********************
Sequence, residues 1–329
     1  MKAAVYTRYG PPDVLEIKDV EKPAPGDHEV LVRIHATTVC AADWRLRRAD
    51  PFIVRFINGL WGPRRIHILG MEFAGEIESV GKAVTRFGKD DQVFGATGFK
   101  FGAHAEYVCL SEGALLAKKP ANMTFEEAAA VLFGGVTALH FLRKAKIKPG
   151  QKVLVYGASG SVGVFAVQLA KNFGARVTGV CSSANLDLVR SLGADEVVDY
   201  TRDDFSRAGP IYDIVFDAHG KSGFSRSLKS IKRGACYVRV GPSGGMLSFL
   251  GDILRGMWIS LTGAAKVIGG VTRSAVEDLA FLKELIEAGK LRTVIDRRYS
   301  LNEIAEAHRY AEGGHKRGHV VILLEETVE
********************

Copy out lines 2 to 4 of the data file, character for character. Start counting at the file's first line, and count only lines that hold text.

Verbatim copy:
     1  MKAAVYTRYG PPDVLEIKDV EKPAPGDHEV LVRIHATTVC AADWRLRRAD
    51  PFIVRFINGL WGPRRIHILG MEFAGEIESV GKAVTRFGKD DQVFGATGFK
   101  FGAHAEYVCL SEGALLAKKP ANMTFEEAAA VLFGGVTALH FLRKAKIKPG